three concepts was 4, to be compared in the pre- and post-intervention design by applying t-tests. Possible confounders such as different characteristics of the wards and nurses that might influence the effect of the study intervention included nurses’ diploma years, years of nurses’ practical experience, the rate of staff turnover on the ward, and the kind of nurses’ further education (Table 2). Fisher’s exact test was used to explore detectable differences among the nurses/wards with regard to the documented quality of the nursing diagnoses, the nursing interventions, and outcomes. Results Nursing Diagnoses Before the education/case discussions in diagnoses, interventions, and outcomes, the pre-intervention mean (measurement 1) in nursing diagnoses was 0.92

(SD = 0.41). One year after education/case studies, the post-intervention mean (measurement 2) was 3.50 (SD = 0.55) (p < 0.0001) (Figure 1). This revealed a significant improvement in formulating nursing diagnostic labels, including significant improvement in identifying signs/symptoms and correct etiologies. In addition, nursing goals significantly improved. Low scores were found in the pretest data, because nursing goals were often unrelated to the nursing problem; specifically, they did not identify the etiology within the problem statement. Two examples illustrated this: In the pre-intervention data, a problem statement was “Patient has a decubitus at the left heel,” and the nursing goal was “Healing of wound.” In the post-intervention data, the nursing diagnosis was “Impaired Tissue Integrity, grade II decubitus” with etiologies: “Mechanical (pressure, shear, friction), nutritional deficit, and impaired physical mobility” and signs/symptoms: “Damaged tissue at left heel, 2 × 3 cm wide, 1. mm deep.” The nursing goals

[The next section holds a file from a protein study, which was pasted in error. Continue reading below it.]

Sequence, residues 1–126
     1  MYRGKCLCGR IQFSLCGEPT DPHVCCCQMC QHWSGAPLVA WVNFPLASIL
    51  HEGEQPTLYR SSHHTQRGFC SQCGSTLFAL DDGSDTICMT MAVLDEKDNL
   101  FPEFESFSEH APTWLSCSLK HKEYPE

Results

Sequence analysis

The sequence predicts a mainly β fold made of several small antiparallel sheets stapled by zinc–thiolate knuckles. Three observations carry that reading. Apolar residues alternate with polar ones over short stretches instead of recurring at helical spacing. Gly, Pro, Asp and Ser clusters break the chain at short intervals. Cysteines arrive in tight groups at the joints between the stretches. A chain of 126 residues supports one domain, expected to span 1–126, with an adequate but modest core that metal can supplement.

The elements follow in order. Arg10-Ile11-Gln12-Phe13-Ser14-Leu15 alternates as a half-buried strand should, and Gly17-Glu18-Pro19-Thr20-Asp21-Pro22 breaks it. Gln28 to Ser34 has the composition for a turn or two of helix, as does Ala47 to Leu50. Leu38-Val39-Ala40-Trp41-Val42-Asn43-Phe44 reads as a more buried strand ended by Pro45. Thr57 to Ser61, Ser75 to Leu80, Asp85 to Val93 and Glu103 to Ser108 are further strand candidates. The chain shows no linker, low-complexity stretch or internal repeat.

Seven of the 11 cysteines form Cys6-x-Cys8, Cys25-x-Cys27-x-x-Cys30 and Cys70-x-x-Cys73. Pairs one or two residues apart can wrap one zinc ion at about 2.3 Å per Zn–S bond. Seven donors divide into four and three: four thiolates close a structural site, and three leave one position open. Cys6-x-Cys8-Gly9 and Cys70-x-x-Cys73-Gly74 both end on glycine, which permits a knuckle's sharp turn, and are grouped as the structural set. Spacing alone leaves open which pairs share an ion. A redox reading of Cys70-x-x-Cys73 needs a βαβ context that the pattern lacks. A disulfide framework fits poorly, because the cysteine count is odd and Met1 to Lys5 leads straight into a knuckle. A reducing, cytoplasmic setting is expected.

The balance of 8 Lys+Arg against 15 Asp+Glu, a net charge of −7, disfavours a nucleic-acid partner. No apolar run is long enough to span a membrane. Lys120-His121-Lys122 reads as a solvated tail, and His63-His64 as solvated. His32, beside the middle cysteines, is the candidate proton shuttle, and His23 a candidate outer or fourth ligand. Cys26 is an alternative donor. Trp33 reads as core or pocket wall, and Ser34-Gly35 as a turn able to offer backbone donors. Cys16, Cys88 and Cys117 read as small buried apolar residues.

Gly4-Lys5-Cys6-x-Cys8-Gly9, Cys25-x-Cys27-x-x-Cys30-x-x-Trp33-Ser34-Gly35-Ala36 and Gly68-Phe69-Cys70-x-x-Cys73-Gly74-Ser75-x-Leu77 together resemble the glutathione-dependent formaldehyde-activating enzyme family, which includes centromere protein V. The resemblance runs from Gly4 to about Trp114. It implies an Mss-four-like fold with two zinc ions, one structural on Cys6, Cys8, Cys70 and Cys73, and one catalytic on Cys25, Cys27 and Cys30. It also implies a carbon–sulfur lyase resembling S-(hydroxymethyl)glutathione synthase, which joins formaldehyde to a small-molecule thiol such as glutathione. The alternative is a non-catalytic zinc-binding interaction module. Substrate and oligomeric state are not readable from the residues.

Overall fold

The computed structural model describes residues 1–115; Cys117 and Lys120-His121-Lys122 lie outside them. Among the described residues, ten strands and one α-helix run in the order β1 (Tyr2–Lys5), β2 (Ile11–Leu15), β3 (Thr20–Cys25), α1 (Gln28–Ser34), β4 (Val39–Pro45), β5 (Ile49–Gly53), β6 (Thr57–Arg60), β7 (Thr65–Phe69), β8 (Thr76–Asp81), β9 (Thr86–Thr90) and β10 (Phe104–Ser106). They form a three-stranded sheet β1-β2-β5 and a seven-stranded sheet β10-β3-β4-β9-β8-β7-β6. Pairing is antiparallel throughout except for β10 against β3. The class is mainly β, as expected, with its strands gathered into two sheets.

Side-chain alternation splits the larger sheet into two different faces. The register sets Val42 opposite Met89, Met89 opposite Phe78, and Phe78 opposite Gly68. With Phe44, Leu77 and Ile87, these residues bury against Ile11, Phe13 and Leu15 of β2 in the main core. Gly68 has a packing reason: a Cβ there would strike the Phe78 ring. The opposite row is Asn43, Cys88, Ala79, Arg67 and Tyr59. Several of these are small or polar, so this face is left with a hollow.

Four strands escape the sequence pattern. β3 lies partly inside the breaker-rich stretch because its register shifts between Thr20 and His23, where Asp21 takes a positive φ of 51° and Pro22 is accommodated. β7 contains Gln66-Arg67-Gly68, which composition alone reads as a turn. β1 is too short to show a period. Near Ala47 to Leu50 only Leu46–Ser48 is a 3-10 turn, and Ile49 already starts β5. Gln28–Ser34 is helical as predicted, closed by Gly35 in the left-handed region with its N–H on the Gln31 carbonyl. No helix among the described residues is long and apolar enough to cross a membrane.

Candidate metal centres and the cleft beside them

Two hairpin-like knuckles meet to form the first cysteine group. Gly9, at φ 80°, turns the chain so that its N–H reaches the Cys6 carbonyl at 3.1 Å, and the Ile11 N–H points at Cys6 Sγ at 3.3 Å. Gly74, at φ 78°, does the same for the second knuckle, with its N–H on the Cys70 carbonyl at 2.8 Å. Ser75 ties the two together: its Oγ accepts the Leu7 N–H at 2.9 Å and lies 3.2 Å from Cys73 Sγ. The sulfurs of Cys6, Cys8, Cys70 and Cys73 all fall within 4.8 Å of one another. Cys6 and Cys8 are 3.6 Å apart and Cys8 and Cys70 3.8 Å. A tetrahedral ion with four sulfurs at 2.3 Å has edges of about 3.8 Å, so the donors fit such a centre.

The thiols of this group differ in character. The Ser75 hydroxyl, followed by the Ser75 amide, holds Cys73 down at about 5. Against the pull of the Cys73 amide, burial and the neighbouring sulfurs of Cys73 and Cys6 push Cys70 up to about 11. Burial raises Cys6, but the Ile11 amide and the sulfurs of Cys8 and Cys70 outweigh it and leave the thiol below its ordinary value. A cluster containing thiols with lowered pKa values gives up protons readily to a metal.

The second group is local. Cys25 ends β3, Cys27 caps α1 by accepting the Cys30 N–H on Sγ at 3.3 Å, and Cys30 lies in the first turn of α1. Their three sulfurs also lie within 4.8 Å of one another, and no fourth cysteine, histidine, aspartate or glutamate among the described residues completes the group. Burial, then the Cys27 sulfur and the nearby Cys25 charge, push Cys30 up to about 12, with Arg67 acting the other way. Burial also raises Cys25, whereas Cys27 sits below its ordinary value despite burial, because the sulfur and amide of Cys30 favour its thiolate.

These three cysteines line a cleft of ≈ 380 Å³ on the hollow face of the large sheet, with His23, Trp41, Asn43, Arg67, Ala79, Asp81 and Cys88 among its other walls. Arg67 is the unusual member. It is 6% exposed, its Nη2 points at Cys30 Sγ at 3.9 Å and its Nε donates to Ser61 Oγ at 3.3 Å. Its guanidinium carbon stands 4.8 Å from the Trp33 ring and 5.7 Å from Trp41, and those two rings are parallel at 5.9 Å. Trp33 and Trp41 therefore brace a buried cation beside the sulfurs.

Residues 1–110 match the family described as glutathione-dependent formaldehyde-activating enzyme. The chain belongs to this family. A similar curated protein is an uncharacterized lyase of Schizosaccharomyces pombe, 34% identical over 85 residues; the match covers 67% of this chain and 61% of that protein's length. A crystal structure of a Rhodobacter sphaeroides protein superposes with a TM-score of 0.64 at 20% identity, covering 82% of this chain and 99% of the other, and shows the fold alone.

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International Journal of Nursing Terminologies and Classifications Volume 18, No. 1, January-March, 2007

Improved Quality of Nursing Documentation: Results of a Nursing Diagnoses, Interventions, and Outcomes Implementation Study

Figure 1. Pre- and post-intervention scores of nursing problems/diagnoses*

*Boxplots, showing the pre- and post-intervention scores of nursing problems/diagnoses ranging from 0 to 4, in measurement 1, and 1 year later, in measurement 2. All boxplots visualize the medians (lines in box), the upper and lower quartiles (boxes), and the approximate 95% quantiles (whiskers) of the two data sets.